John McDonnell MP Blog Headlines
In a major speech at Bloomberg’s new European headquarters in London on Thursday the Shadow Chancellor set out the next Labour government’s approach to the financial sector.
Let me start by thanking you all for coming today and by thanking Bloomberg for the use of their magnificent new building here in the heart of the City.
Since Jeremy appointed me as Shadow Chancellor three years ago I’ve been touring the City meeting representatives from across the finance sector, asset managers, banks and investors.
Actually it’s nothing new to me because when I was a youngster and chair of Finance on the GLC, effectively the Chancellor of the Exchequer for London, that’s exactly what I would do on a regular basis and established a good working relationship.
For the people I have been meeting over the last two years, if they are readers of some of our more excitable newspapers they expect to be meeting a raving extremist who is about to nationalise their company and send them on a re-education course somewhere up north.
Mind you Mark Carney quoting Marx and Engels the other week has thrown the Daily Mail and others into complete confusion.
I’ve been meeting all these people to explain Labour’s plans and to discuss the important role I want the Finance Sector to play in the transformative programme of the next Labour Government.
At each of those meetings I’ve said the same thing as I will say to you today.
We are completely open and transparent about our plans.
There are some policies that you will like and some of which you will be less enthusiastic about.
I don’t expect some people to be overjoyed at having to pay a bit more in income tax or corporation tax or at the introduction of a Financial Transaction...
John McDonnell Banking Opinion, Guardian, Wednesday 22nd March 2018
The revelations published in the Guardian yesterday about the criminal network that is processing money through major British banks are a damning indictment of the failings of our banking system. For a period of at least four years, shortly after the financial crisis in the early 2010s, Russian criminal interests moved nearly $740m through British banks, including HSBC, RBS, Barclays, Lloyds and Coutts, with HSBC as the largest conduit by far.
They could do this, despite regulations expressly designed to prevent such activity taking place. Yet, when presented with a series of urgent questions, demanding answers and action, the response from the government was astonishingly complacent. A mere week after the self-employment tax U-turn, it is following a path well-worn since 2010 – pathetically easy on the big banks and the super-rich, but tough on those just trying to earn a living.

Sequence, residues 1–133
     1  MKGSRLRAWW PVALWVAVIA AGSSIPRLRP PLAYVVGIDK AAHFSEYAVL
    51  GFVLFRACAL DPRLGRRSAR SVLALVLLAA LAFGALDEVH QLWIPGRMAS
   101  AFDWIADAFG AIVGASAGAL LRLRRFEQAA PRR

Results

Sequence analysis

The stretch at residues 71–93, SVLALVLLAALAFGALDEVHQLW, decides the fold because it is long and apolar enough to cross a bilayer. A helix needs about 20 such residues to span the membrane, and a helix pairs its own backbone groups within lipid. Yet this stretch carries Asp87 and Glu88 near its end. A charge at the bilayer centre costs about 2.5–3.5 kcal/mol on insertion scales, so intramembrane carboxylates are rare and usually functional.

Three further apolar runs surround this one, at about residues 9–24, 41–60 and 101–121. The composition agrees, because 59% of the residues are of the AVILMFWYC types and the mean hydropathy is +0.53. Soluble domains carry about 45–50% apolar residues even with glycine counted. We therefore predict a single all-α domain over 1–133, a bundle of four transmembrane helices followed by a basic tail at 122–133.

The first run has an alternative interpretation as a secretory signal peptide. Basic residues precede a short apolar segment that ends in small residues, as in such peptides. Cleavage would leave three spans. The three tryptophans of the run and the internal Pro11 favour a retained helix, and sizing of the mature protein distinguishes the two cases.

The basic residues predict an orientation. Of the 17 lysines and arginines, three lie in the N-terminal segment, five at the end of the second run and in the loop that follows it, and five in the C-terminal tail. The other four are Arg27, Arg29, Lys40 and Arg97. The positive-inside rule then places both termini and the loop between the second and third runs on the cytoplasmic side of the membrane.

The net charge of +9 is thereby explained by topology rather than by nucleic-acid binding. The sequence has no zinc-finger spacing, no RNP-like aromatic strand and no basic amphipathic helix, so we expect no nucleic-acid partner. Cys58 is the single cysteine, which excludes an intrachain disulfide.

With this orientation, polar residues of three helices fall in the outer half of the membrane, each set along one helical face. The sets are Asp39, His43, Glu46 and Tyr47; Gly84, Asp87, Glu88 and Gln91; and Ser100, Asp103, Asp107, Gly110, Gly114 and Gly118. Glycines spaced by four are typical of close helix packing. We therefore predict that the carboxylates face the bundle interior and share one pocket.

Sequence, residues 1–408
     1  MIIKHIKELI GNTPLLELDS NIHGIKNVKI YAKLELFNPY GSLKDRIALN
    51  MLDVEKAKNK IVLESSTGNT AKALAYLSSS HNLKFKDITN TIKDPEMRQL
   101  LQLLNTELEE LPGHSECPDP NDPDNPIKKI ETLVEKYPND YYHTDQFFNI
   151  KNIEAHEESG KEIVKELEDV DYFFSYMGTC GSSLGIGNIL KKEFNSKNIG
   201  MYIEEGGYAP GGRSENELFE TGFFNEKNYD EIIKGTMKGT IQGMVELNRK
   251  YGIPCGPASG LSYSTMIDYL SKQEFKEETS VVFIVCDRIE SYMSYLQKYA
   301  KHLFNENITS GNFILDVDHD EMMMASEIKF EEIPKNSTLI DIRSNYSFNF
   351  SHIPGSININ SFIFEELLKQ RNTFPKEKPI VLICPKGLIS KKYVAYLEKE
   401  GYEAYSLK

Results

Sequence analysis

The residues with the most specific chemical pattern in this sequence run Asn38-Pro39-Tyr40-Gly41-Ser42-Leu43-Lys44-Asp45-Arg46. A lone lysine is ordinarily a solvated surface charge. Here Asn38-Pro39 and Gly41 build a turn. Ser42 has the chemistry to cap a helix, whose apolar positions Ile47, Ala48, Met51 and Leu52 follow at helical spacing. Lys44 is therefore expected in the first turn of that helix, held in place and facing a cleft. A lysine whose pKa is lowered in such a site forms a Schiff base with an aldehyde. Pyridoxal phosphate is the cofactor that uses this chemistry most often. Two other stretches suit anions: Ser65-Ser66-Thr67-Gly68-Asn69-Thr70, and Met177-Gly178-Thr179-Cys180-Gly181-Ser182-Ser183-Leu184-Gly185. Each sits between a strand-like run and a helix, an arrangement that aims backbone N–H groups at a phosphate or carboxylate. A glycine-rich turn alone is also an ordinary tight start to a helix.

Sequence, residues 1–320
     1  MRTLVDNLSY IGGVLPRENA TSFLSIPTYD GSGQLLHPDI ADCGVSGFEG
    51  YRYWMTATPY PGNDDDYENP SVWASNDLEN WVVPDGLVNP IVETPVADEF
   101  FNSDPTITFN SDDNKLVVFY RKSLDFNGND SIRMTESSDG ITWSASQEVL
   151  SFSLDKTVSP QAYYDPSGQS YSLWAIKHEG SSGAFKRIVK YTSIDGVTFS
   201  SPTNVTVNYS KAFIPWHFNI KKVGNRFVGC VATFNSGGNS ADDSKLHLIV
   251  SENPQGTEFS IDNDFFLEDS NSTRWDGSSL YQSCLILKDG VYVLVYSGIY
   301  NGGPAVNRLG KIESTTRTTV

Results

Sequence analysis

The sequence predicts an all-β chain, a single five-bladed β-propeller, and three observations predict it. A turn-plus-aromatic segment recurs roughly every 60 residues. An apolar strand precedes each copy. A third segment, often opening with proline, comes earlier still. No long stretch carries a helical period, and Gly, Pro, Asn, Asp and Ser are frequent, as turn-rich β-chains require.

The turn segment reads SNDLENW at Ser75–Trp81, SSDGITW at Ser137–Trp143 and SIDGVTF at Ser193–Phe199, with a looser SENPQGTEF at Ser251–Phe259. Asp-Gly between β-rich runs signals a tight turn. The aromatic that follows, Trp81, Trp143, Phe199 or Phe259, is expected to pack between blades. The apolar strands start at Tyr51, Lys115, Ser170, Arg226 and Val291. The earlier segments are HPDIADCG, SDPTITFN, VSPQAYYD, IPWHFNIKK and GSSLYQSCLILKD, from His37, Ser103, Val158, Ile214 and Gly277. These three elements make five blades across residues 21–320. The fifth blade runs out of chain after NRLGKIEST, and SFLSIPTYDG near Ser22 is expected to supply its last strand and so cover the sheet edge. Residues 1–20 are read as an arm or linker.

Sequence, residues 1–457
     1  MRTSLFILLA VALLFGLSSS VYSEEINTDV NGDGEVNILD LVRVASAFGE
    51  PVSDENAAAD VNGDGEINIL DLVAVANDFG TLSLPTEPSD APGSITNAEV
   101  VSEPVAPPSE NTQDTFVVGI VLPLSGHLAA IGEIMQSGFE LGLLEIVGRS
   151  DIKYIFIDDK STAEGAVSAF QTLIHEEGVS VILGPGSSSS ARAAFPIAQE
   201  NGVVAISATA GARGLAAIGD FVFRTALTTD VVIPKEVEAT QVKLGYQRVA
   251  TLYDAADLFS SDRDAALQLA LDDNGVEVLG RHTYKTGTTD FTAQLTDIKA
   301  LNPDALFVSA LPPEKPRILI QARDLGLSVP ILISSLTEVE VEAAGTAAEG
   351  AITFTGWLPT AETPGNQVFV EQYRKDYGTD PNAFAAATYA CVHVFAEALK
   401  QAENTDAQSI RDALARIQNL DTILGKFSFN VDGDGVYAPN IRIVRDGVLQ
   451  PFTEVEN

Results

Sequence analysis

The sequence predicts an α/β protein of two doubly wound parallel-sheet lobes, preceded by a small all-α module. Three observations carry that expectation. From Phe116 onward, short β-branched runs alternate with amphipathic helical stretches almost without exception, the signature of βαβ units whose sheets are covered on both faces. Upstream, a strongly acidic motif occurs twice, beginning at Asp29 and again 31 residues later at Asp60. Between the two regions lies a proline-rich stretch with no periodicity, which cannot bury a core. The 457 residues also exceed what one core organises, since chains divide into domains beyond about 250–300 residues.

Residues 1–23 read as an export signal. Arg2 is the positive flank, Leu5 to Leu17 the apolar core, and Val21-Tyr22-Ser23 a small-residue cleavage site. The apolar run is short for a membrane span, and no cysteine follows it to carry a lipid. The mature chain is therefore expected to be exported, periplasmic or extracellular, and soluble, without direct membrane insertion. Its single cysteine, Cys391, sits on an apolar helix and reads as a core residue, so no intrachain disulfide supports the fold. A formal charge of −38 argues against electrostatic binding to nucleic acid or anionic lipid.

George Osborne, the then chancellor, intervened directly into a 2012 US investigation into HSBC’s money laundering, emailing the Department of Justice (DoJ) to warn that prosecuting Britain’s largest bank would lead to a “global financial disaster” and “financial calamity”. A later Congressional investigation found that the intervention, by the now new editor of the Evening Standard, “played a significant role in ultimately persuading the DoJ not to prosecute HSBC”.
It was under Osborne’s watch that the bank levy, introduced by the last Labour government to claw back some of the astronomical returns major banks had been making, was phased out, in his first budget after the 2015 election. HSBC had previously threatened to leave the country if its £700m bank levy charge wasn’t reduced, lobbying the government heavily. Osborne’s new tax regime for banks, introduced in summer 2015, instead leant...
Let me thank the Chancellor for providing me with an earlier sight of his statement.
I say to the Chancellor: his complacency today is astounding.
We face – in every public service – a crisis on a scale we’ve never seen before.
Hasn’t he listened to the doctors and nurses, the teachers, the police officers, the carers and even his own councillors?
They are telling him they can’t wait for the next Budget. They’re telling him to act now.
For eight years they’ve been ignored by this government.
And today - they’ve been ignored again.
The economic reality
The Chancellor has proclaimed that there is light at the end of the tunnel.
But this shows just how cut off from the real world he is.
Last year growth in our economy was among the lowest in the G7 and the slowest since 2012.
Wages are lower now - in real terms - than they were in 2010 – and they’re still falling.
According to the Resolution Foundation, the changes to benefits due to come in next month will leave 11 million families worse off.
And – as always - the harshest cuts are falling on disabled people.
Productivity and investment
The gap in productivity between this country and the rest of the G7 is almost the widest for a generation.
UK industry is 20 to 30% less productive that in other major economies.
Well, part of the reason is that investment by this government, in real terms, is nearly £18 billion below its 2010 level.
Business investment stagnated in the last quarter of 2017.
4th Industrial Revolution
The Chancellor talks about the 4th Industrial Revolution but Britain has the lowest rate of industrial robot use in the OECD.
And the government...
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